The first 45 today should prove a stern warning to van Marwijk about playing without any natural width.  Van der Vaart was poor again out of the left as he continually drifted infield allowing the Japanese to stifle any creativity.  Sneijder had difficulty throughout as he was manfully marked out of the first half.  Late in the first half the Dutch fullbacks were pushed up the field in an attempt to provide some desparately needed width.  Proving they were well prepared upon granting them space behind the fullbacks the Japanese attempted to expliot these gaps and while not rewarded with a goal they did provide a few worrying moments.

The second half proved fruitful again though and Kawashima’s failure to control Sneijder’s piledriver gave the Dutch a lead.  As with their first game it was the substitutions who took the game home and provided more chances in the last 20 minutes than in the rest of the game.  The Dutch started very brightly creating meaningfull chances early on.  Something that was missing in the first half were incisive crosses that forced Japan to make difficult defensive decisions.  Sneijder’s goal began as a cross into the box that fell unkindly to van Persie.  While trying to control the ball came out to Sneijder on the edge of area where Sneijder promptly cannoned the ball off the keeper and into the net.

After the goal Japan attempted to push back into the game through some attacking substitutions and extra pressure down the inside channels trying to exploit the Dutch attack-minded fullbacks.  Against Denmark Eljero Elia and Ibrahim Affelay were introducted to positive affect and today was no difference.  Both came on with twenty minutes to go.  Elia and Affelay were very bright and the latter could have – strike that- SHOULD have had 2 goals for himself.  I have to think that these cameos have provided van Marwijk , notoriously fond of consistency, with a selection headache ahead of Cameroon.  Making an appearance was also Klaas Jan Huntelaar who replaced van Persie very late on.  His impact was almost immediately felt as he control provided Affelay with the second of his chances.

We don’t have to be too worried about Cameroon now and if the result goes our way this afternoon.

Remember you can follow me on twitter @m_devries .  Also, you can follow Bert van Marwijk on Twitter @VanMarwijk_NL10 .  Join me in pleading for wingers to be used prior to the 70th minute.

Yes, we won.  Yes, it was rarely worrying.  But too little is being left to chance.  Total Football is a fantastic idea but to expect that at this point is naive.  HOWEVER!  There is nothing wrong with playing organized attacking football with the emphasis on keeping possession.  MY SALARY FOR A WINGER!!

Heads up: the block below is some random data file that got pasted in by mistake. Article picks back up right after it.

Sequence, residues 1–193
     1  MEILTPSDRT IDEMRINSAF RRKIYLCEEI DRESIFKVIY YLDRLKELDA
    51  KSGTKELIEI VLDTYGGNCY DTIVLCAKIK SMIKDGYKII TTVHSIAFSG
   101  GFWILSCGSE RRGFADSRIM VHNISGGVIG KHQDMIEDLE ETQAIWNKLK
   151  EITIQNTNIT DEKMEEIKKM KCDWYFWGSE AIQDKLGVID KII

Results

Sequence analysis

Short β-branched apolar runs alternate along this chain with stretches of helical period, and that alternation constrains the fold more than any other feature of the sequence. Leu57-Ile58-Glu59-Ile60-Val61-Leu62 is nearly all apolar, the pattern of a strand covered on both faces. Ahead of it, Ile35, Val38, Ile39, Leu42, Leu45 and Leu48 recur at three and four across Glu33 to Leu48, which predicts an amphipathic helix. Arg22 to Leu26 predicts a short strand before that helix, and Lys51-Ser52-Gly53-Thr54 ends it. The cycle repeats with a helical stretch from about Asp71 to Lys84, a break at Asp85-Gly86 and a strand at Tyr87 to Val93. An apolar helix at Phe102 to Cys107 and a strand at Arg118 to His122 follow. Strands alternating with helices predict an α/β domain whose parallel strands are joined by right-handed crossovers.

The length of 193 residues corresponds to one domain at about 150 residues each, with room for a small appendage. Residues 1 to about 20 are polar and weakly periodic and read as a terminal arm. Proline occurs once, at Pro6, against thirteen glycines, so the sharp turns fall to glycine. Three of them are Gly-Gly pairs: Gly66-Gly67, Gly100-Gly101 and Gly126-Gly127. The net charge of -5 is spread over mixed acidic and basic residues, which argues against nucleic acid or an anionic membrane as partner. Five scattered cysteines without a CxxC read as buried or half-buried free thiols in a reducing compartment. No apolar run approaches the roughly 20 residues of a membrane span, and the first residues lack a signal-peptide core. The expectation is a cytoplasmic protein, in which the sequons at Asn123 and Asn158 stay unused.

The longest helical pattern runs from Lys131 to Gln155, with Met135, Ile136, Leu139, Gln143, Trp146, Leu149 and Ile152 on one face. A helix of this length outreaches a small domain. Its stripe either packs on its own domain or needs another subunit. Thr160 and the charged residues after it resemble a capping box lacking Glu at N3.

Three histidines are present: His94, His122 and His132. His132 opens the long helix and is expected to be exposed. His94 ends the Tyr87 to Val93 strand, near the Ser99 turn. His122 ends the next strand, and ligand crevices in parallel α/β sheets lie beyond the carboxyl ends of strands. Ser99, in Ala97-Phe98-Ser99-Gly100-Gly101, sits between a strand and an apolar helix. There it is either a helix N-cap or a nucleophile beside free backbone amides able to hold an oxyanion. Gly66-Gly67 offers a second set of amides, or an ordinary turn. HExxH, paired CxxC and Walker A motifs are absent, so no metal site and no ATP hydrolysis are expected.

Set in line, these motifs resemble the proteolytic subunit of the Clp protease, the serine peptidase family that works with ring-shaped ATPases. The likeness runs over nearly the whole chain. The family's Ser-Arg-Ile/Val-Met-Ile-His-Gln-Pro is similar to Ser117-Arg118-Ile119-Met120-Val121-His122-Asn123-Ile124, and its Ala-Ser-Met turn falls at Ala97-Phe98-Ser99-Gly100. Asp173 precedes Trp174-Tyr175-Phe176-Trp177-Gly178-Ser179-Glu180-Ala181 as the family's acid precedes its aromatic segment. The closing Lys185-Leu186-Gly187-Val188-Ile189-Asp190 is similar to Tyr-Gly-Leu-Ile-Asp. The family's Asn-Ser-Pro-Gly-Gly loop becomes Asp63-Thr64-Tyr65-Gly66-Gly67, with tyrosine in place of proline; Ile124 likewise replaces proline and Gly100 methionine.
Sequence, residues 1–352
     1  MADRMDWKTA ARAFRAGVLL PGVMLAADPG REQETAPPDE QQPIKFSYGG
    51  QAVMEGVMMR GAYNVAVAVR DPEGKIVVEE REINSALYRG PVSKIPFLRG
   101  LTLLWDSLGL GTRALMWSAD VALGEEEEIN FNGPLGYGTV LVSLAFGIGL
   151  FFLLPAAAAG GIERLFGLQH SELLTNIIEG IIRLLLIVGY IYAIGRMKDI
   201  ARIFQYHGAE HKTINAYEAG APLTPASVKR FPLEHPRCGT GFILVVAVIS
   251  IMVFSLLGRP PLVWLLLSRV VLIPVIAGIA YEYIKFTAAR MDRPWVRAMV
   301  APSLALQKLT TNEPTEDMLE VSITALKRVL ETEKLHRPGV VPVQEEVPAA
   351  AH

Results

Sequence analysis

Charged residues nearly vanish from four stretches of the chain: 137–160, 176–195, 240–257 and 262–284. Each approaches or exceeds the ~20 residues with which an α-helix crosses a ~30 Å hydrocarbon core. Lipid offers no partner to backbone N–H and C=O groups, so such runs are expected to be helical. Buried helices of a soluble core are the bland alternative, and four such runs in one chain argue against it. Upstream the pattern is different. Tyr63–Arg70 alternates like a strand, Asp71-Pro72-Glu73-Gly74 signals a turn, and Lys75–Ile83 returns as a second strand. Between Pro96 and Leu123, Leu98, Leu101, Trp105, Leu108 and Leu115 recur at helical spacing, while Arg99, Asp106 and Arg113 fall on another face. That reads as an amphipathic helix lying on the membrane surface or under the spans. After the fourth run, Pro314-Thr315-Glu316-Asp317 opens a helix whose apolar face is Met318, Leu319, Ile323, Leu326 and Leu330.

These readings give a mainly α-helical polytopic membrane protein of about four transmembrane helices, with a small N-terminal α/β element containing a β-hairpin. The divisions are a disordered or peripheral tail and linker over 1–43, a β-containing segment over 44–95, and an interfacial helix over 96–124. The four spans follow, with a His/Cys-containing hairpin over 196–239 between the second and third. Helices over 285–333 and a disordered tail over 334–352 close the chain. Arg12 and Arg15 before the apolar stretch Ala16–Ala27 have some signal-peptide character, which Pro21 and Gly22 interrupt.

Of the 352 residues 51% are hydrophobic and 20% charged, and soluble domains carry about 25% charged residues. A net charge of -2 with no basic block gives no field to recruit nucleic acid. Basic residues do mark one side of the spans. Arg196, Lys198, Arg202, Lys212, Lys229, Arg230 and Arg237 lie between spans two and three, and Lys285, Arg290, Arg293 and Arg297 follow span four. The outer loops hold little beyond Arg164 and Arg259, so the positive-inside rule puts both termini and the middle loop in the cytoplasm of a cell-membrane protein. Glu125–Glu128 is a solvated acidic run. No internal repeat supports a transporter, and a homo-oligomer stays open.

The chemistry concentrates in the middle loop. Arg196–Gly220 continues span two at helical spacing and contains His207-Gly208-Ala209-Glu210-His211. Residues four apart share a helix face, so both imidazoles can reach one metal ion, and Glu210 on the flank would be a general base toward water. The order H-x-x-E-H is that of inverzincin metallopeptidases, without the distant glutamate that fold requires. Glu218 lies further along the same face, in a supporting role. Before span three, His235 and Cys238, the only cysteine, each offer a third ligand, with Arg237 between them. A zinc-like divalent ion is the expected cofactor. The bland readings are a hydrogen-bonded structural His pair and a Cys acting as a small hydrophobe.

Player Ratings

Stekelenburg – 7
van der Wiel – 8
Mathijsen – 6
Heitinga – 6
van Bronckhorst – 7
van Bommel – 7
de Jong – 6
Kuyt – 8
Sneijder – 7
van der Vaart – 4
van Persie – 6
Affelay – 6

Elia – 7
Huntelaar – 6

Team News NED v JPN

Well I tried to put some winds of change out there. I tried to add some alternative ideas to the idea-o-sphere. But alas the line-up for the Oranje is unchanged today.

I agree that the Dutch were not poor against Denmark but surely there was room for improvement. Coupled with the success of the underdog in the tournament thus far I personally – and humbly – believe that a minor change in the form of Elia perhaps would have created a level of unpredictability for the Japanese.

If rumors are true of a minor injury for Elia during training this week then I can understand van Marwijk’s reluctance to risk the player.

My hope is that van Marwijk provided van der Vaart with explicit instructions regarding width and driving towards the by-line to stretch the Japanese defence.

That’s all for now.

Post Match Reaction

I was just trolling through a few different websites after the match today and came across a few things I wanted to pass along.  I should say I don’t take credit for any of the work.  I’ve included links for all of them.

From the Telegraaf comes a few things:

  • The Champions League will have done Sneijder’s confidence no harm…He says, ” On the basis of the first half [it] would not be justified, but given my game in the second half I ended the man of the match ”  Charming…
  • Nigel de Jong’s tackling was widely seen as reckless and endangering the cause.  Below is a translated caption from one of the pictures, “Nigel de Jong playing with fire when came in two footed at Jorgensen”.  He could have seen red for the previously quoted tackle.  Bert van Marwijk has warned de Jong to be more careful with his tackling ahead of the next match.  De Jong was replaced by Demy de Zeeuw late on in the half and at least appeared to be positively received on the bench.